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Davis BJ, Lysaker PH, Salyers MP, Minor KS. The insight paradox in schizophrenia: A meta-analysis of the relationship between clinical insight and quality of life. Schizophrenia Research. 2020 Aug 3.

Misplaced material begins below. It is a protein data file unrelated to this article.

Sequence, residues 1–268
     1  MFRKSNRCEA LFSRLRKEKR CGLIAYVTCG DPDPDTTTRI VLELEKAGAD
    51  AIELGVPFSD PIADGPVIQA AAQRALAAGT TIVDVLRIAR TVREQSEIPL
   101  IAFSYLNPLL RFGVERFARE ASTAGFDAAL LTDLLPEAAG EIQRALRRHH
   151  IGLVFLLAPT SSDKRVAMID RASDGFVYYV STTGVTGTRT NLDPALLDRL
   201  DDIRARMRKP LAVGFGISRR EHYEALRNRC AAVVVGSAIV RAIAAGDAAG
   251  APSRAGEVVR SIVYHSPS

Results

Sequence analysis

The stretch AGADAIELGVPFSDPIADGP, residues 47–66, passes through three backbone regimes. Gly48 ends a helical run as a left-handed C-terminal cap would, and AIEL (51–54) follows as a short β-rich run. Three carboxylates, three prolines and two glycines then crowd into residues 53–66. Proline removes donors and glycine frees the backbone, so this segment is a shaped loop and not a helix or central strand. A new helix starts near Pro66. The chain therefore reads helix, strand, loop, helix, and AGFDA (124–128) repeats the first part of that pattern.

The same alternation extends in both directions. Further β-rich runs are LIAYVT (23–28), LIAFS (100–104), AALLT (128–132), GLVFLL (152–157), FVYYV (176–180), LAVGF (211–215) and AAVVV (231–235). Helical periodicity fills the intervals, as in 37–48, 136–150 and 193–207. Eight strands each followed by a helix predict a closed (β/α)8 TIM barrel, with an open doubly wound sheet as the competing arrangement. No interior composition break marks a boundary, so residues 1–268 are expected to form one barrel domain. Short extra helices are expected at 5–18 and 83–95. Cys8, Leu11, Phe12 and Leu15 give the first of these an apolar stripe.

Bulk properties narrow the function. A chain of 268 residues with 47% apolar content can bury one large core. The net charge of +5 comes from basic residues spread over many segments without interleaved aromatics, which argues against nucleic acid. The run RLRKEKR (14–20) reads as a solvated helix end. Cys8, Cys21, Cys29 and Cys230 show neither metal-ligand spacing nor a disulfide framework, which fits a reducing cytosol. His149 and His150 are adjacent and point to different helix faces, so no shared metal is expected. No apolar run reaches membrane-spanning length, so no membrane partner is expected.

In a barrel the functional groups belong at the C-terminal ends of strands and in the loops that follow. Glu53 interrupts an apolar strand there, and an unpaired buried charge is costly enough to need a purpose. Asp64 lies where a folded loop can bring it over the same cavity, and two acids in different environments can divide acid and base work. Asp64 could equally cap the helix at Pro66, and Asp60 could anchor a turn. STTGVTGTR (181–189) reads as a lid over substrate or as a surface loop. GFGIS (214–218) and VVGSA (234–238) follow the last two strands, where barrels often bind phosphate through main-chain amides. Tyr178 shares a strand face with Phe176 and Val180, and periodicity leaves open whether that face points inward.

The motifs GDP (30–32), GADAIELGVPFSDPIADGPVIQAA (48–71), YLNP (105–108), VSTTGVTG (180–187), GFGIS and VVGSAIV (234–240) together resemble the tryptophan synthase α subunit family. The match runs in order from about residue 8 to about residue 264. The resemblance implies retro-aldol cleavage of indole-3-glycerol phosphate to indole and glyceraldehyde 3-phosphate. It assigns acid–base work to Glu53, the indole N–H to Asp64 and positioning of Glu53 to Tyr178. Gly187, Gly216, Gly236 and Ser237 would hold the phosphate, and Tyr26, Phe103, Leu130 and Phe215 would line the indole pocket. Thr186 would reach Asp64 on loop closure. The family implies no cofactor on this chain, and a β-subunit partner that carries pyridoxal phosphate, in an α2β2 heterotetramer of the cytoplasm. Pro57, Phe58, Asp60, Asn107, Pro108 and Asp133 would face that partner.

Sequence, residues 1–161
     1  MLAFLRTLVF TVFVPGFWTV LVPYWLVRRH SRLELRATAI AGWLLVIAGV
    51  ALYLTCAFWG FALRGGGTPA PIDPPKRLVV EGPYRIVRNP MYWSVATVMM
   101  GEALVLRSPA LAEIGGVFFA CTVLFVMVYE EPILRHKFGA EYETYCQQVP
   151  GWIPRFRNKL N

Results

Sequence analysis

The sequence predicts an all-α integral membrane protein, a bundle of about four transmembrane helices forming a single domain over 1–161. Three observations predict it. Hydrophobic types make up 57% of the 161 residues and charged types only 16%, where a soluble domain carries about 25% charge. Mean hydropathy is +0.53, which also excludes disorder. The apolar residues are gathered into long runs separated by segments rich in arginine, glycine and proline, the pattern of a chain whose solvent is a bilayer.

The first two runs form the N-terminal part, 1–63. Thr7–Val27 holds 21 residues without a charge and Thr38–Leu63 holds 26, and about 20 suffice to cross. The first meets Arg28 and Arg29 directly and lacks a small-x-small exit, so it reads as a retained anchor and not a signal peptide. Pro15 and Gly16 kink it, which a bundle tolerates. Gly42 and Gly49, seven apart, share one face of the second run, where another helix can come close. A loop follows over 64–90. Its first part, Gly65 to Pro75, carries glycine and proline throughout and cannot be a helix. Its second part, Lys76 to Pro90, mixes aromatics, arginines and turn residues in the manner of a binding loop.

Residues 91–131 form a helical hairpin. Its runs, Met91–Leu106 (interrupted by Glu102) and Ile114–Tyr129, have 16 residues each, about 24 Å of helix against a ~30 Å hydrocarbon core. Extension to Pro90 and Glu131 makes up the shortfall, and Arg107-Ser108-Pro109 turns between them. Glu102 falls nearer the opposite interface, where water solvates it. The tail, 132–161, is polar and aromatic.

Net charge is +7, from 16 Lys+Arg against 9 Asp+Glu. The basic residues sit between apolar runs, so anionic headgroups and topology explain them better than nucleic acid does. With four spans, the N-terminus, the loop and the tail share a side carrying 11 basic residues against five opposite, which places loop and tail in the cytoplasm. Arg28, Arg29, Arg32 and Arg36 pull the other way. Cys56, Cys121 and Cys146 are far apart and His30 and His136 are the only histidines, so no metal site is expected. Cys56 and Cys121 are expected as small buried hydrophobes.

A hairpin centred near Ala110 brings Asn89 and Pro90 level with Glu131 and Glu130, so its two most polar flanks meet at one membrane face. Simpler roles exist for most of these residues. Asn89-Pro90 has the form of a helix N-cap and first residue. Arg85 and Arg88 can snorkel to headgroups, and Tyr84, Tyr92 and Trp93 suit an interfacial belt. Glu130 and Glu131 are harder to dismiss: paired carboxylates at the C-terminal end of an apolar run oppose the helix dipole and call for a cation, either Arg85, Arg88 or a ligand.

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Abstract: Poor clinical insight affects people with schizophrenia and has been cited as a chief cause of poor outcomes. As such, clinical insight is often a target of intervention; however, increases in insight have shown associations with decreased quality of life in a phenomenon known as the "insight paradox." Understanding the relationship between insight and quality of life is important as clients often feel hopeless when quality of life decreases. This meta-analysis sought to clarify relationships between clinical insight, its subdomains, and quality of life in schizophrenia. Further, we explored the role of two moderators (quality of life measurement type, symptom severity) on the insight-quality of life relationship. Studies were identified according to PRISMA guidelines through a focused literature search extending to March 1, 2019. Correlations between clinical insight, its subdomains, and quality of life were extracted and used to calculate overall mean weighted effect sizes using a random-effects model. In support of the insight paradox, overall clinical insight was inversely related to quality of life. Symptom severity moderated the relationship between clinical insight and quality of life, such that greater symptom severity weakened the inverse relationship between overall insight and quality of life. Regarding subdomains of clinical insight, awareness of illness was inversely associated with quality of life; however, other subdomains failed to reach significance. Our findings support the notion that increased insight is associated with lower quality of life and highlight the need for further exploration of the role of meaning-making processes on this relationship.

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